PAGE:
There was a recent conversation regarding Western Europe’s introduction to coffee via a battle with the Turks and someone in Austria is credited with the coffee drink. I bristle at the Austrian being given sole credit for developing coffee as a drink. Coffee plants only grow on the equator. I learned that in my coffee class as a former Starbucks employee. So yeah, the Arabs and Ottoman Turks became famous for coffee, but they had to train with SOMEONE, a people much farther south of the Mediterranean below the Sahel and on the equator to get the beans. There also accounts that they drank coffee. I’ll have to research that to be sure. Yes, I am sure that coffee was cultivated and possibly enjoyed as a drink by equatorial peoples independently all over the world. My argument is against giving only one culture this honor. I’m not letting this go.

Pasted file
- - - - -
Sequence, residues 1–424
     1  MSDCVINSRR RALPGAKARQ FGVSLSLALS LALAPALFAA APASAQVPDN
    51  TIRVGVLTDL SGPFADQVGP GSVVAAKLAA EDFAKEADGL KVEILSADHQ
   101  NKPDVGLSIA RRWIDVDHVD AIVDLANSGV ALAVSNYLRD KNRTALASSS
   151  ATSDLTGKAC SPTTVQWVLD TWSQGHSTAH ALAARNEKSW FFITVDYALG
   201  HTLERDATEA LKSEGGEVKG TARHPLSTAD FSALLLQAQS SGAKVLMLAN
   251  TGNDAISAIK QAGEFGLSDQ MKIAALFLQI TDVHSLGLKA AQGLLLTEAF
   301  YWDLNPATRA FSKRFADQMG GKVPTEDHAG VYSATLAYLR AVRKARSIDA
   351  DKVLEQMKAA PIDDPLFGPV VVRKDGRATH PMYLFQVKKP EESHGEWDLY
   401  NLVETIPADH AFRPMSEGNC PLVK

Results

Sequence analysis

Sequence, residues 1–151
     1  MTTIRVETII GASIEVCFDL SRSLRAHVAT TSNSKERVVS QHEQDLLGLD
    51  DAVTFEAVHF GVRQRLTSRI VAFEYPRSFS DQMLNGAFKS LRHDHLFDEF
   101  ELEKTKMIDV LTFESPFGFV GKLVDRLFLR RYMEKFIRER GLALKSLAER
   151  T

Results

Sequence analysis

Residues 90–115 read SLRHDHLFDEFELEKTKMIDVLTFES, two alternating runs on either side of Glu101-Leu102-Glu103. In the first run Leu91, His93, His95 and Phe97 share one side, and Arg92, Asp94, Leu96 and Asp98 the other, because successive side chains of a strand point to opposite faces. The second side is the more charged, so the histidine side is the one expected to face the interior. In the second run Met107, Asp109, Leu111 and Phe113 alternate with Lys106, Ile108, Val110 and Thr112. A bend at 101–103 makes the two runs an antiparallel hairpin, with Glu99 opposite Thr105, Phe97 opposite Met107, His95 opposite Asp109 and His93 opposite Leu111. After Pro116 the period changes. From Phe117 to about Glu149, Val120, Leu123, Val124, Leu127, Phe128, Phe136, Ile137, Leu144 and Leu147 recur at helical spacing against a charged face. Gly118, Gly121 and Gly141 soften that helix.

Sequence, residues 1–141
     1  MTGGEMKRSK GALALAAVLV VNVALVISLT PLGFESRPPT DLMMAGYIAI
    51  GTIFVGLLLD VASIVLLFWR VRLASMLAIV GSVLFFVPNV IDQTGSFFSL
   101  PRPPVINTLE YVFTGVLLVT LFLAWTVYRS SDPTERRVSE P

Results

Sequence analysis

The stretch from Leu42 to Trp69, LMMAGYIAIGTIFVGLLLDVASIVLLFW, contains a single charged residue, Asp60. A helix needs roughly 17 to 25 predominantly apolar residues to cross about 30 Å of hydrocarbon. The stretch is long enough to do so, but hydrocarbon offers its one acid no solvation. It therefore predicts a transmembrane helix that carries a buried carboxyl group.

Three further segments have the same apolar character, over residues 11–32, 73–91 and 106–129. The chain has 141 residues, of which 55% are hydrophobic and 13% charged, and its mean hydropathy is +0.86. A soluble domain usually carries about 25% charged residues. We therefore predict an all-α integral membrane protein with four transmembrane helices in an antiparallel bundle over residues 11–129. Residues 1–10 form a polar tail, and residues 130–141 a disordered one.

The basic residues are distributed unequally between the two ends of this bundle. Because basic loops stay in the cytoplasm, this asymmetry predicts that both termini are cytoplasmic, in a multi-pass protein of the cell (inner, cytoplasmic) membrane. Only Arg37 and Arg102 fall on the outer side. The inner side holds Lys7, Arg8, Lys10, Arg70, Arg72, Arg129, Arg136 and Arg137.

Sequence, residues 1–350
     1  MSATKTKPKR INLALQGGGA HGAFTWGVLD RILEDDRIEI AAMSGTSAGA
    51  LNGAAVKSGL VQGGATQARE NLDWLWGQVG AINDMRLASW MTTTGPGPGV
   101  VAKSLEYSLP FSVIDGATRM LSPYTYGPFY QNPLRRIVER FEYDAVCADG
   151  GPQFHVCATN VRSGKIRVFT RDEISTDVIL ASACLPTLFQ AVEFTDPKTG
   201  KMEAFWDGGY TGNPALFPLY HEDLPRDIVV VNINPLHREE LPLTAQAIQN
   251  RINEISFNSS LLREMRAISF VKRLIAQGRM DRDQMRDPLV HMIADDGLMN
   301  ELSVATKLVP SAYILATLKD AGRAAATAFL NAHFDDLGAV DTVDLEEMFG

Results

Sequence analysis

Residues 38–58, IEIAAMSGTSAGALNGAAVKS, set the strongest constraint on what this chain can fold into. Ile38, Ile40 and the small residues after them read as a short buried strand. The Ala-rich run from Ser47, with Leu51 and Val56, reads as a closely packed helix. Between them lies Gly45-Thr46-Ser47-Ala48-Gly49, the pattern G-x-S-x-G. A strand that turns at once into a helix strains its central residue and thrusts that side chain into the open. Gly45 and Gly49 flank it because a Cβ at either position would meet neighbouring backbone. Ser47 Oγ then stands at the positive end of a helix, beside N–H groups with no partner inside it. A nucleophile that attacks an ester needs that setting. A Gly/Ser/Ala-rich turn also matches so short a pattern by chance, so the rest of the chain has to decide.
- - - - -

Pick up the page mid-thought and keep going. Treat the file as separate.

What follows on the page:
ethiopiacoffee.png

My thanks to all historians, but I wish to specially thank Larry Gonick for telling history in comic book form. It’s MUCH easer to remember images that make you laugh than tomes of text. Thank you very much, Mr. Gonick for making the Curator’s Quest more enjoyable.

 

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If you’re interested, here are the differences between the world’s four regional coffees courtesy of the Starbucks new employee coffee course.

Ethiopian: Bold, bright, tangy, citrus-like.

Arabian: Bold, dark and husky

Sumatran: Bold, darkest and husky

Columbian: light and refreshing

The bolder coffees come from regions where the beans get only one rinse either before or after they are roasted.

The light coffees from the Americas are very thoroughly rinsed, because water isn’t as scarce there. These are the perfect coffees for those, like myself, who don’t want to punched awake in the face in the morning.

Arabian (Yemen) coffees are the base for Verona and French Roast.

Ethiopian coffees are great for dessert pairings. Kinda like coffee/tea  because of it’s tangy properties. Lemon cookie or maple oat nut scone with your tangy coffee? Yum!